Developments in Internet law: defamation and hyperlinks. The Supreme Court of Canada has advanced both defamation law and Internet law in its recent decision in Crookes v Newton,1 released on October 19, 2011.
The court, by a majority of six judges, held that a person cannot defame someone merely by publishing a hyperlink to a third party's website or document containing defamatory material: “… a hyperlink by itself, should never be seen as a ‘publication’ of the content to which it refers.”2 “Making reference to the existence and/or location of content by hyperlink or otherwise, without more, is not publication of that content.”3 The majority compares hyperlinks to footnoted references in a paper document. Even though hyperlinks, unlike footnotes, offer immediate access to the third-party sites to which they refer, readers know that in following the link they are being referred to a different source.
The majority expressly refrains from deciding whether the conclusion should be different in the case of embedded or automatic hyperlinks. What is Internet Defamation? (Video and Podcast) Thesis fulltext. What you say on social media is not just social - NZ Law Society. Social media is not just social.
It can be used for and against your business. What you say on social media about a competitor can have wide reaching effects, as Leah Madden found out. In September 2010, Ms Madden made comments and posted photos on her personal Facebook page about the swimwear business Seafolly. Ms Madden was also in the swimwear business and thought that Seafolly had copied her designs. She also contacted various media outlets about the alleged copying. Ms Madden posted the following images (as well as others) on Facebook: In response to Ms Madden’s Facebook activity and media approaches, Seafolly issued press releases denying copying and saying that Ms Madden’s comments had been made maliciously.
The claims and counter-claims Seafolly sued Ms Madden, claiming she had engaged in misleading and deceptive conduct when she posted the images on Facebook and contacted the media. Ms Madden counterclaimed for defamation. ISP 'publishers' at risk over dodgy content. By PETER GRIFFIN The country's first web defamation case has again raised the issue of whether internet service providers (ISPs) are legally responsible for the material they host on their web servers.
A decision handed down in the Palmerston North District Court on Friday awarded Patrick O'Brien, the former chief executive of internet registry Domainz, $42,000 in the country's first case of web defamation. Mr O'Brien successfully sued ISP operator Alan Brown for making defamatory statements about him on an internet newsgroup, e-mail list and website. Although Mr Brown hosted the defamatory information through his own ISP Manawatu Internet Services, legal experts say an independent ISP hosting his comments could also have been successfully sued. But Auckland barrister Chris Patterson, of Eldon Chambers, said ISPs were "dreaming" if they thought they were safe from court action for hosting defamatory material, whether they did so knowingly or not. Continued below. Media Law Journal. These notes were prepared in June 2009.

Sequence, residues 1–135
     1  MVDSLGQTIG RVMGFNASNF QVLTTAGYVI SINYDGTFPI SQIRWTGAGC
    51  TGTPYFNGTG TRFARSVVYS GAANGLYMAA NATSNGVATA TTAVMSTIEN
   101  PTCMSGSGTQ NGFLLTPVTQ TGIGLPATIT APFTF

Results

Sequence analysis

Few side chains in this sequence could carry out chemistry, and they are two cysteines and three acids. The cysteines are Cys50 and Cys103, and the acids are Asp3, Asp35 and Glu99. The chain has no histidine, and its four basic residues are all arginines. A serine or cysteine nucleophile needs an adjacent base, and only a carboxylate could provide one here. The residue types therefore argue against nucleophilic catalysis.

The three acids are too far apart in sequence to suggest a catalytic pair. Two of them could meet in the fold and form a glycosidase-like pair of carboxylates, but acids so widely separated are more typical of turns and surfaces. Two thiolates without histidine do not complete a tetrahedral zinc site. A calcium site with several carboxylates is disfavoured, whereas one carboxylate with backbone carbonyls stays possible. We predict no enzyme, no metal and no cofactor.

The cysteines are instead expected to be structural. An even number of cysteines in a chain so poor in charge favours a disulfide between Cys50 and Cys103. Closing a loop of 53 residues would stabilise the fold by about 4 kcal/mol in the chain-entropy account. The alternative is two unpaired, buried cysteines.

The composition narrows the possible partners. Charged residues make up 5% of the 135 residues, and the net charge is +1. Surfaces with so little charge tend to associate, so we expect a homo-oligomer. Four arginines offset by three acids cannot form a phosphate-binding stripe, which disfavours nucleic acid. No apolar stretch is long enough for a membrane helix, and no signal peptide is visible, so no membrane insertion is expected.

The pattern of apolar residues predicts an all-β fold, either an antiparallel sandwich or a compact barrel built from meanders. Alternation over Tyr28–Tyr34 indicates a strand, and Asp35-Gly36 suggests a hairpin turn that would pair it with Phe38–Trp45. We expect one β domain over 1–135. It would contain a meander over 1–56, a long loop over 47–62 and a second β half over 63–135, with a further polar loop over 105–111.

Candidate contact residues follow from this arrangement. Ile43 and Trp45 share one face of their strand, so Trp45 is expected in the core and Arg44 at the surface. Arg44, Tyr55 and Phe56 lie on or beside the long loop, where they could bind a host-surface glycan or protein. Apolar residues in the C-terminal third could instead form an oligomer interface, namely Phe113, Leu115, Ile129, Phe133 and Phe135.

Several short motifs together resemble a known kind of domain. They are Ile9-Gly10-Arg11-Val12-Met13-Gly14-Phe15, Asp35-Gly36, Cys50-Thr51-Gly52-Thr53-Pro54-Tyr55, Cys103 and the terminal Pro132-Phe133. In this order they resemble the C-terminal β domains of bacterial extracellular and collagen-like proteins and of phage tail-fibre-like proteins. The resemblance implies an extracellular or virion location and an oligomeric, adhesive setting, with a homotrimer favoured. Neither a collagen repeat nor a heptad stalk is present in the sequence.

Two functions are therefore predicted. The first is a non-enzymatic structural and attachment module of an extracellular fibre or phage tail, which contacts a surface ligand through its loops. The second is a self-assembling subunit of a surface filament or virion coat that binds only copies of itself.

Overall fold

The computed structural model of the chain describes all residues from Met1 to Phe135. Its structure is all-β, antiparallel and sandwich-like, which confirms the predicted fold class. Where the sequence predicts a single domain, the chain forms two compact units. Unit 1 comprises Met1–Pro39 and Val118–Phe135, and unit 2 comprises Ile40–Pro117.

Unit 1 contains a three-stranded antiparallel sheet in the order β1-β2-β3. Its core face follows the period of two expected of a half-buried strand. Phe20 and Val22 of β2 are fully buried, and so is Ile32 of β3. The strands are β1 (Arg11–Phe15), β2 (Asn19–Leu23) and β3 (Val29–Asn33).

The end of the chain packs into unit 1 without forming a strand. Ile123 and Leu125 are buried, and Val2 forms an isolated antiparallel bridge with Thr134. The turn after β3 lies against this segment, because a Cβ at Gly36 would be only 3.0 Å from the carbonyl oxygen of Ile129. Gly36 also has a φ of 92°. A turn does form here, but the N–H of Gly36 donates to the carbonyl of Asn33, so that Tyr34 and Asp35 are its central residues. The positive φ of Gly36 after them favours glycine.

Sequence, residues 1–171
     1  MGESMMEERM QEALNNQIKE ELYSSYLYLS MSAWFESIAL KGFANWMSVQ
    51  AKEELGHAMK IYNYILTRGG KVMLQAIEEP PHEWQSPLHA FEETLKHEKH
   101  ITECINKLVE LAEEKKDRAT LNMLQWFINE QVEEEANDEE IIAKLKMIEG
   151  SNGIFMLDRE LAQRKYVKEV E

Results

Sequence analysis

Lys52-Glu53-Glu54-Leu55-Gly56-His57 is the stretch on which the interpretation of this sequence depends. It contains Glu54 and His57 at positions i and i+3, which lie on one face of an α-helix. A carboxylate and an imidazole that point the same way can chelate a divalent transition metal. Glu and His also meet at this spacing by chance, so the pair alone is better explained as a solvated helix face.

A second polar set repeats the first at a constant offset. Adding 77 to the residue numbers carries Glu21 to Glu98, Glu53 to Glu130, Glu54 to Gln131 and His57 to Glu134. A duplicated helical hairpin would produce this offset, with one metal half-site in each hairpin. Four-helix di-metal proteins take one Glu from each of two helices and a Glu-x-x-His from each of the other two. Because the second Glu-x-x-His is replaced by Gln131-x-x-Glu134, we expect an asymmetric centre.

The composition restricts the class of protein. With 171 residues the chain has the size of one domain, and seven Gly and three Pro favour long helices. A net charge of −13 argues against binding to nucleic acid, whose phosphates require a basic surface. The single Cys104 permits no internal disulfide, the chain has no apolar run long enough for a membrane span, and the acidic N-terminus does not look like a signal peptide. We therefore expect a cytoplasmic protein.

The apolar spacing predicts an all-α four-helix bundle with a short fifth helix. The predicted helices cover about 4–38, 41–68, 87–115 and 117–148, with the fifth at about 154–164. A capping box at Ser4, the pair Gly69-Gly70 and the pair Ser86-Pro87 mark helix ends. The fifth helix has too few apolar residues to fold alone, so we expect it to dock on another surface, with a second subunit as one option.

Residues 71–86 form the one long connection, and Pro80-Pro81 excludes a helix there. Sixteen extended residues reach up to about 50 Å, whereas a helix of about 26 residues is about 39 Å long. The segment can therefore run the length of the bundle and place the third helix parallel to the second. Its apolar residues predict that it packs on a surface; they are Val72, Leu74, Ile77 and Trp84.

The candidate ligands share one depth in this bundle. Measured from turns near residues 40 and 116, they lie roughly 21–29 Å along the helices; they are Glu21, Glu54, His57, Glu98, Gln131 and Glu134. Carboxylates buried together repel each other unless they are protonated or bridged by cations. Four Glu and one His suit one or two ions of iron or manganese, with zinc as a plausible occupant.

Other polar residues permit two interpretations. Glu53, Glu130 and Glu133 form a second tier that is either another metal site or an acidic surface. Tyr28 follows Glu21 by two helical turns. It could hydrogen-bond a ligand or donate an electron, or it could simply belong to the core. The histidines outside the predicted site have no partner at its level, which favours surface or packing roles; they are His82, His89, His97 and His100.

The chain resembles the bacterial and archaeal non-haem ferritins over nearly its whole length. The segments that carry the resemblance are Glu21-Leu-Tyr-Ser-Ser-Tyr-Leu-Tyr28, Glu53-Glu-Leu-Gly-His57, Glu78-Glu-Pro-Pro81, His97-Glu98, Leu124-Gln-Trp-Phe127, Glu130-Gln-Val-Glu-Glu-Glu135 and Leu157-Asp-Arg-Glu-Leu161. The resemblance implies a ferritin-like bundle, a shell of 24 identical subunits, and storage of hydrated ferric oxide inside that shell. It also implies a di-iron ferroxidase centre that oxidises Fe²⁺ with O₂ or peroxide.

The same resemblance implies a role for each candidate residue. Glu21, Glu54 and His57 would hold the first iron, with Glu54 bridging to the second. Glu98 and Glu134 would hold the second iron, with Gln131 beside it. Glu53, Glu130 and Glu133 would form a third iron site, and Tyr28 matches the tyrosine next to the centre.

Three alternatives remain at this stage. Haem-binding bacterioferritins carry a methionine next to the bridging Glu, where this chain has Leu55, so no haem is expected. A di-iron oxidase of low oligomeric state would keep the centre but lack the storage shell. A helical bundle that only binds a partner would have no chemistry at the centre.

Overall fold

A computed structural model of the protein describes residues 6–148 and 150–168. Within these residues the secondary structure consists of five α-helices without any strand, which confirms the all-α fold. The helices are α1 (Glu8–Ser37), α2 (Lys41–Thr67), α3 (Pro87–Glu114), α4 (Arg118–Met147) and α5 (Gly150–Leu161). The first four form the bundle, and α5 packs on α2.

They are intended as general information not specific legal advice. If you want legal advice about a particular problem, you can contact me here. What is defamation? The publication of a statement about someone that lowers him or her in the estimation of right-thinking members of society generally, where no defence (usually truth, opinion, or qualified privilege) is available. The defences are dealt with below. Guide to Defamation Law. Statements are not always clearly marked by evaluative adjectives (“terrible teacher”; “evil gardener”).
In these circumstances, it is, once again, the context of the statement that points towards whether the statement is one of opinion or fact: Surrounding words: The Honest Opinion 101 lesson is to precede all statements with disclaimers such as “in my opinion”, “I believe”, “I think”, “I consider”, “it seems”, “it appears” or the like. And, indeed, with respect to most statements, this will strongly suggest to readers that the statement is only the author’s opinion (i.e. it is not to be treated definitively).
But BEWARE: If you think you are off the hook by simply preceding any given statement with “in my opinion”, then you are sadly mistaken. Such a disclaimer does not necessarily make the statement an expression of opinion in the eyes of readers. Surrounding sentences: Some people think that if you make an assertion, it must be a statement of fact. KaramvParkerandAnor2014NZHC737. Courts and Tribunals Judiciary. Defamation Act 1992 No 105 (as at 08 August 2014), Public Act Contents.